When I was studying for certification in Catholic health care ethics, I attended a conference that addressed the issue of selling human organs. The ethicist explained that one of the reasons to object to this practice is that it removes an opportunity for virtue. He further asserted that even an atheist could accept this argument. Now there are many reasons to reject the concept of selling human organs. It exploits the poor and vulnerable. It demeans the human person by reducing the body to a collection of commodities. And I certainly agree that selling body parts does rob one of the opportunity to practice the virtue of generosity. However, I am not convinced that virtue in and of itself is universally seen as a desirable attribute. I listen to many pragmatists that argue results are what matter. If the supply of organs for transplant increases, why should we worry if the reason for the increase is the enhancement of wealth for the donor?

Fr. Araujo at Mirror of Justice
offers an eloquent discussion of virtue and its role in citizenship.

So what is it that is so important about the virtuous citizen? He or she treasures the freedom about which the President spoke, but this person also recognizes that the rights and claims that attend this freedom must surely be accompanied by a healthy understanding of responsibilities and obligations to all others who have the right to make and perfect the same claims.

The virtuous citizen, I suggest, would be cognizant of this. The virtuous citizen would know that what has made the rule of law established by the “alliance of shared values” so admired in many places throughout the world is the recognition of what is authentically just—to each person his or her due, and the further recollection of what is justice—right relationship between and among all members of the human family. The virtues of humility, prudence, courage, hope, fidelity, wisdom, and others make this recognition and recollection essential elements of human existence and the actions which ensue from this existence.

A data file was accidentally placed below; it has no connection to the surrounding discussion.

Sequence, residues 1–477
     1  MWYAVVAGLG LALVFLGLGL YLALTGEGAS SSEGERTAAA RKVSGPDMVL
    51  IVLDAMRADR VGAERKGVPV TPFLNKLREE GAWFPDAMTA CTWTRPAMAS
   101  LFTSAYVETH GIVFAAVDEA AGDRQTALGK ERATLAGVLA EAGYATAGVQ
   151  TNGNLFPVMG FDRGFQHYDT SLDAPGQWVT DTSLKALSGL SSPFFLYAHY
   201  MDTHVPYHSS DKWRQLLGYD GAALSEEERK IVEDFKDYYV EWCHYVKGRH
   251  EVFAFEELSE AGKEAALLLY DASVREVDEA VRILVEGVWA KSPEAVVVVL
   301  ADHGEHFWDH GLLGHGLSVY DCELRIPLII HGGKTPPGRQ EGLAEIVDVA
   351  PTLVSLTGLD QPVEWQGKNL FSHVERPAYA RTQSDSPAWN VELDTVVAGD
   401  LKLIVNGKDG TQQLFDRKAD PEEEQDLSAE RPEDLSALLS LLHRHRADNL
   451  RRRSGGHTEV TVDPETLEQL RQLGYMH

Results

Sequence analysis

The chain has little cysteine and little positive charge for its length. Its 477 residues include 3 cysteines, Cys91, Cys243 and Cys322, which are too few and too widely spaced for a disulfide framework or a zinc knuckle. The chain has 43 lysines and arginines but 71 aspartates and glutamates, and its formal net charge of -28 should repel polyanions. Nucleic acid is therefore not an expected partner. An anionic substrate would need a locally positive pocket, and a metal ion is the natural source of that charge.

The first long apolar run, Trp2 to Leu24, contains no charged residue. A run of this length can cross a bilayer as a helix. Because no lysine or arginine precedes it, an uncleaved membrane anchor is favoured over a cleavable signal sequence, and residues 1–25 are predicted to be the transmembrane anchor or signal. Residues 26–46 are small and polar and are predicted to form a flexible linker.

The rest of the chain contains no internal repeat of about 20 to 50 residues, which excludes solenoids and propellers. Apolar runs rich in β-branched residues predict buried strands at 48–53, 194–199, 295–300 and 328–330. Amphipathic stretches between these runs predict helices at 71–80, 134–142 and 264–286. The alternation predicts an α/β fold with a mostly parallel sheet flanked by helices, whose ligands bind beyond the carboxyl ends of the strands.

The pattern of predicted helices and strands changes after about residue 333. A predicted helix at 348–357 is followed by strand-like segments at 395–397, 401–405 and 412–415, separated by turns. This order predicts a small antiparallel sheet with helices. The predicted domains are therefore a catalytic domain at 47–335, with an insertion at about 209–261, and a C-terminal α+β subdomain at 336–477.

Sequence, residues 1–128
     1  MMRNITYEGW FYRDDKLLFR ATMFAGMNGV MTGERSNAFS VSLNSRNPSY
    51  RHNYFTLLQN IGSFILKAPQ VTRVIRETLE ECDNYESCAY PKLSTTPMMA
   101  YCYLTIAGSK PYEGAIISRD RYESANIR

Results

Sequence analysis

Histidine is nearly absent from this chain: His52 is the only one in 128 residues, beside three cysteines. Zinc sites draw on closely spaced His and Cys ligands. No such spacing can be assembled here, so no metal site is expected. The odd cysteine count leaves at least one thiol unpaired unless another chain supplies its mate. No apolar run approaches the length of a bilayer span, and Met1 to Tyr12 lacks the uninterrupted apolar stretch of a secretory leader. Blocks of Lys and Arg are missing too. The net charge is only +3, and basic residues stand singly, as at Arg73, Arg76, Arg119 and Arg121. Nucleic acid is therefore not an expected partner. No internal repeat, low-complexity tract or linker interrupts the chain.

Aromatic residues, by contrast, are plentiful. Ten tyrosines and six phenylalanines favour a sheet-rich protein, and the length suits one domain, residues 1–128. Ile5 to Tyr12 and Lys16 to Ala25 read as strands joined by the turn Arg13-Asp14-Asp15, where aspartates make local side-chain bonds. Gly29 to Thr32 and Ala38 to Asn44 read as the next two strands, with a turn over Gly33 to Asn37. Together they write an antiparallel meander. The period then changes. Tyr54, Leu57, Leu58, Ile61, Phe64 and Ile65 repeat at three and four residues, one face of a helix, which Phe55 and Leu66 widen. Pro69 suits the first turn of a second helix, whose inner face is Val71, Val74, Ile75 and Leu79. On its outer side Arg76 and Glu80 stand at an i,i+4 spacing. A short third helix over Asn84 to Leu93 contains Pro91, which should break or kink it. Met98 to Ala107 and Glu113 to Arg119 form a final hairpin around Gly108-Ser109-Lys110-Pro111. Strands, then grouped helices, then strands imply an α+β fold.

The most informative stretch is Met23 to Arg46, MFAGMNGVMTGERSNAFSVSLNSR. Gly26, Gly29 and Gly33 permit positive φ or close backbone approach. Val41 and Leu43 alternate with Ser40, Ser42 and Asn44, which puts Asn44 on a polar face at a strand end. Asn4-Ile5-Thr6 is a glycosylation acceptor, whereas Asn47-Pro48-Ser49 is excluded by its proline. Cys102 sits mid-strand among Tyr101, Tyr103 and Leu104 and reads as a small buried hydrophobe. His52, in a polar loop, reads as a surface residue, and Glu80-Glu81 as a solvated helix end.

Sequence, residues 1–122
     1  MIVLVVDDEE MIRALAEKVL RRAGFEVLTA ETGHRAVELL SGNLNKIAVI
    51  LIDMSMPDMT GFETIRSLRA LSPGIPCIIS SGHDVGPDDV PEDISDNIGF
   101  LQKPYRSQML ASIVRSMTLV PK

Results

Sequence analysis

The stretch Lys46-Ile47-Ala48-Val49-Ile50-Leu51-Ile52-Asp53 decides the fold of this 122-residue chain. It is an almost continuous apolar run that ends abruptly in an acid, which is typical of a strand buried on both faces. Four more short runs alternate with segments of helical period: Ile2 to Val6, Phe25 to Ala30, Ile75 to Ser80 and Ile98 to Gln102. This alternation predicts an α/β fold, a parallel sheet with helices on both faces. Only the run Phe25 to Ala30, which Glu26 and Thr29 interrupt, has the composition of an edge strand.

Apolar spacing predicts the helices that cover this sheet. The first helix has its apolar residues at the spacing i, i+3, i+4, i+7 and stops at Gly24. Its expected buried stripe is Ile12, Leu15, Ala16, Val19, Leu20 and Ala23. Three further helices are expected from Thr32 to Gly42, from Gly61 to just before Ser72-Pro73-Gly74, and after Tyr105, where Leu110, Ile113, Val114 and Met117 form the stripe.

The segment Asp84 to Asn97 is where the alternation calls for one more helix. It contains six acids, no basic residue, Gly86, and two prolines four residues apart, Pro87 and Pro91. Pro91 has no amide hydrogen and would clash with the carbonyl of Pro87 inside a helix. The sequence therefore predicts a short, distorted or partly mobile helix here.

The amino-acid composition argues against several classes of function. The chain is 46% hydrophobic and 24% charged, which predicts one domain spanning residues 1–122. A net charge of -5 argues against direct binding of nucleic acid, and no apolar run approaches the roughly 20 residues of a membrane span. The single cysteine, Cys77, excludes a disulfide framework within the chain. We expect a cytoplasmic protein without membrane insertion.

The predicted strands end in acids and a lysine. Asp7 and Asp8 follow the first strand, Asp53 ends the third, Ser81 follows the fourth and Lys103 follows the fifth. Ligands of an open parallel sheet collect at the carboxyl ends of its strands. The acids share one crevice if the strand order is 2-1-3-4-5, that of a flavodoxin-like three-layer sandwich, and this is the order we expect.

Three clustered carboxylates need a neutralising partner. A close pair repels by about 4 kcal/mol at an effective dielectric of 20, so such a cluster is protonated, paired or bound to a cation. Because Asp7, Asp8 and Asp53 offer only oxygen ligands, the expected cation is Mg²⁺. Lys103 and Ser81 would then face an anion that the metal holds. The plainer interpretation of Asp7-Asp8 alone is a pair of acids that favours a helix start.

The President did speak of the importance of human dignity to the shared values and ideals. But this dignity must be founded not on what powerful and influential pressure groups say it is but rather on what right reason establishes it to be. Sometimes this conclusion is contrary to what the culture insists. Illustrations of this point are found in human history associated with these shared ideals. But, the examples of Thomas More and John Fisher quickly come to mind. As Jacques Maritain defined it in 1943, human dignity is that which is due the person simply because he or she is human. With this point about dignity in evidence, the virtuous citizen would acknowledge that the core of the shared values of which the President spoke must necessarily incorporate the non-derogable right to life and continued existence by every member of the human family if human dignity is to have substantive meaning; moreover, these values must come to the aid and protection of the fundamental unit of every human society, viz. the nuclear family.